China bike sharing firm bust after 90% were stolen

The bike-sharing phenomenon allows users to leave their bikes anywhere. - Reuters
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A Chinese bike-sharing company has gone out of business after 90% of its bikes went missing in the first five months.

Chongqing-based Wukong Bikes said the bulk of its 1,200 two-wheelers were lost or stolen.

Unlike rivals, the firm did not put GPS systems on its bikes and by the time it realised the technology was necessary, money had run out.

It is believed to be the first bankruptcy of China’s booming bike-sharing industry.

A free ride

Billed as “Uber for bikes”, China’s tech giants have been funding sophisticated bike hire businesses as a potential solution to congested roads.

Tencent-backed Mobike and Ofo, supported by Alibaba and Xiaomi, are dominating the market.

But Wukong was a much smaller player, aimed mainly at students in the city.

Founder Lei Houyi told local media that as well as the lack of GPS, his firm had struggled because its bikes were of inferior quality to those used by its larger competitors and were damaged too easily.

He added that while users were initially charged, Wukong resorted to giving away bicycles rides for free to try and compete with other players.


The BBC’s Stephen McDonell gets a handle on two bike hire offerings 

China bike-sharing: How it works

The concept is similar to bike-sharing schemes that were popularised in cities including London and Paris.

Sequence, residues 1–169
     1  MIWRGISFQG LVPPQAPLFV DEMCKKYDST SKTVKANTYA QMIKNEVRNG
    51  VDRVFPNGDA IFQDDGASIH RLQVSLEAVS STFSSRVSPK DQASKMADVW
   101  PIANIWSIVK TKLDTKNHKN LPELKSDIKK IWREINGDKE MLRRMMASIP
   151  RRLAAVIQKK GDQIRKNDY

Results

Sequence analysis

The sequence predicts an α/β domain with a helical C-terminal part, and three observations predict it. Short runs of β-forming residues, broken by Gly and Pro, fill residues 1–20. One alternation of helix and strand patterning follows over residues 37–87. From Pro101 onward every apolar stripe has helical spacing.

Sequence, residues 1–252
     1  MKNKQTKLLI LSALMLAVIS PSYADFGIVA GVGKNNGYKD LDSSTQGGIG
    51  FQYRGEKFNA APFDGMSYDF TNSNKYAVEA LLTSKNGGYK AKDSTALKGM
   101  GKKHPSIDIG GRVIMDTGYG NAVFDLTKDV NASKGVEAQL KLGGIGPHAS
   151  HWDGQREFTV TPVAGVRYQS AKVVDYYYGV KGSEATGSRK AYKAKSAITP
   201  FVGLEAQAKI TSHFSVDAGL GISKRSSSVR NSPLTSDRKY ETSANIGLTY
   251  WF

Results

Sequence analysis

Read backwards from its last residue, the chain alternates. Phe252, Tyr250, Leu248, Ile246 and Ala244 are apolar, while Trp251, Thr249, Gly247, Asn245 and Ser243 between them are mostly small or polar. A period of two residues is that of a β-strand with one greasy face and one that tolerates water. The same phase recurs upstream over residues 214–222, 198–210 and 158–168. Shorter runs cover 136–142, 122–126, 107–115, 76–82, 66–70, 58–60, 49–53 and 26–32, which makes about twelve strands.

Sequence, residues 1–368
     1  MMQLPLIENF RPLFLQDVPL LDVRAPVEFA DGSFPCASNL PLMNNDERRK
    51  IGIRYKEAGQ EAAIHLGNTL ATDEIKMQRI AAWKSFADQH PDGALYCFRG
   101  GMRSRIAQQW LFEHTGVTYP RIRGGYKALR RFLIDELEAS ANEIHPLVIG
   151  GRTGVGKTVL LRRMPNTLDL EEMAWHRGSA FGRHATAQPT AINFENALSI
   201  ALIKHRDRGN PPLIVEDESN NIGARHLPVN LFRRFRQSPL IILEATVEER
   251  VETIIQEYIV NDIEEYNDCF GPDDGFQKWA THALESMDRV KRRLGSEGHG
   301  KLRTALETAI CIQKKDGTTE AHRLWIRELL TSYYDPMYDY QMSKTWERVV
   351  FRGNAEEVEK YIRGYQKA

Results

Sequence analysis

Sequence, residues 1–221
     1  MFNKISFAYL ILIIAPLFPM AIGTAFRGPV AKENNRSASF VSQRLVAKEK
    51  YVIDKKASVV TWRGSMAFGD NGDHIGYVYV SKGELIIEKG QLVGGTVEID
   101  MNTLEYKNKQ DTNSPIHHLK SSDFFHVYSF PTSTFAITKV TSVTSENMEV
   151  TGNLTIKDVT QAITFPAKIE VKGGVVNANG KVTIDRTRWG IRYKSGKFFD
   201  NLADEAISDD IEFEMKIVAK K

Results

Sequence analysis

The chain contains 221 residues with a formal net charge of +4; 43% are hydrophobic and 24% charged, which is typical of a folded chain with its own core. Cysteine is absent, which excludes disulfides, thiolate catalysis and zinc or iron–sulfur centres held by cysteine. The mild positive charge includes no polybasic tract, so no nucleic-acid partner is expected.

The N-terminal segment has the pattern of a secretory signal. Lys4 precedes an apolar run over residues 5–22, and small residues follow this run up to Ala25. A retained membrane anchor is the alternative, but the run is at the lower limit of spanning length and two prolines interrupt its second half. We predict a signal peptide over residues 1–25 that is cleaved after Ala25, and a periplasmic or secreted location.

But in China, rather than having fixed docking stations, all the firms are app based.

In most cases, bikes are fitted with a GPS chip, allowing users to locate a bike. They pay for the hire with their smartphones and then unlock it – sometimes using a QR code.

After they have finished the journey, customers can leave the bike anywhere.

That has proved problematic at times, with bikes abandoned in remote locations where another rider is unlikely to find it or want it.

Mobike has tried to get around this problem by providing cash or credit rewards for users who hire these bikes, in the hope they will end up somewhere more accessible.

And the huge uptake of the scheme has caused conflicts on both roads and pavements as cyclists vie for space to move around, especially in Shanghai and Beijing.

Similar schemes have opened up in Hong Kong and Singapore with Ofo planning to launch in Cambridge in the UK. – BBC

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